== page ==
While DuPage County has a little bit of everything -- from Naperville's Riverwalk to Argonne National Laboratory in Lemont to charming downtowns -- it partnered with the DuPage County Forest Preserve District to promote its outdoor destinations, including 60 forest preserves and 145 miles of trails.
A new marketing strategy de-emphasizes the county's proximity to Chicago and instead urges "DuMore in DuPage."
Despite the gains, local tourism bureaus privately worry about challenges posed by Illinois' dismal finances, combined with increased competition from surrounding states.
Every $1 invested in Illinois tourism generates $9 in economic impact, the Illinois tourism office says. But the state budget crisis delayed payments to local tourism bureaus for the past two years. There's hope the new state budget might amend that, but suburban tourism officials are still worried about having enough money for advertising, grants and bid fees needed to bring in conventions.
Marchetti mentioned a large bowling tournament that was here in 2015 and wanted to return, but ended up going to Indianapolis -- a $20 million revenue loss for the area -- because the DuPage County Convention & Visitors Bureau wasn't certain it would be able to pay for the tournament's bid fees.
Dave Parulo, president of Meet Chicago Northwest, likened the situation to driving a truck with a bad clutch.
"Is it going to go? Is it not going to go? Are we going to have the money? Are we not going to have the money?" he said. "You need to have continual messaging to the buyer. Otherwise you start having gaps in awareness. Once you start losing awareness, your competitor sweeps in."
And the competition is fierce. Aggressive campaigns by neighboring states threaten to cut into the suburban tourism business.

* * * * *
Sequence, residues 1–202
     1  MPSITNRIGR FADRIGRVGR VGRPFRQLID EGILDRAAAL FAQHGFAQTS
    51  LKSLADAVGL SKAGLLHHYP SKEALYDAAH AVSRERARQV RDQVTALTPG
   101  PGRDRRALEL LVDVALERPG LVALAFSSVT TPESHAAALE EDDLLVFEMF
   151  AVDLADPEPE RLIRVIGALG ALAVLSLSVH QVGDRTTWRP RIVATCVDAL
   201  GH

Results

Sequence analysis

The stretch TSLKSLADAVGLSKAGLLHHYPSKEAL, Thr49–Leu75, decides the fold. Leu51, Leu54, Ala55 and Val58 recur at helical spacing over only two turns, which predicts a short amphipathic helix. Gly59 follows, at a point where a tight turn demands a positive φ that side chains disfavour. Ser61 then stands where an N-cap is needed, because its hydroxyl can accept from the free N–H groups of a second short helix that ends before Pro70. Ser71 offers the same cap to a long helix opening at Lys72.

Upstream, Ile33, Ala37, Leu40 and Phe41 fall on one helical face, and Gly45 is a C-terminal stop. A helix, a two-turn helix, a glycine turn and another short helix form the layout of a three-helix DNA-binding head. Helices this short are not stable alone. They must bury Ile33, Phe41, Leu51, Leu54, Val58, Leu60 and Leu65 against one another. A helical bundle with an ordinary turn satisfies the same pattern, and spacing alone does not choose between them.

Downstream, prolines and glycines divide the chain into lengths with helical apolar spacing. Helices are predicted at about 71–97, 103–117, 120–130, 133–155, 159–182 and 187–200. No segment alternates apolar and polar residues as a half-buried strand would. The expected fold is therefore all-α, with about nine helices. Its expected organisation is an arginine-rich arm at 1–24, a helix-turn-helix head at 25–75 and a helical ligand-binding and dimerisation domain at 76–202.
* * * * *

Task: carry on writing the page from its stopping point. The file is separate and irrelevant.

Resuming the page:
There are tourism billboards from as far away as Wyoming on suburban tollways this summer.
"We have to compete with the 'Pure Michigans' and other cities and states when there's uncertainty in Illinois," Marchetti said. "Illinois has to be top-of-mind, and the only way you can do that is to advertise."
Despite these challenges, tourism here has still managed to thrive.
Summer is already looking strong for suburban tourism, visitors bureaus say, and the upswing is encouraging investors to put money into local projects. Woodfield Mall and Gurnee Mills, for example, are both making millions of dollars worth of upgrades.
"There are people that are doing things, and investing money, and making things happen," Marchetti said.
Local tourism growsGrowth in tax revenue attributed to tourism from 2015 to 2016.
State receipts Local tax receipts
Cook County +4.5% +6.8%
DuPage County +3.7% +6.1%
Kane County +1.9% +4.2%
Lake County +3.3% +5.6%
McHenry County +6.5% +8.9%
Will County +29.6% +16.1%
Sources: Illinois Office of Tourism, The Economic Impact of Travel on Illinois Counties 2014, a report prepared by the Research Department of the U.S. Travel Association.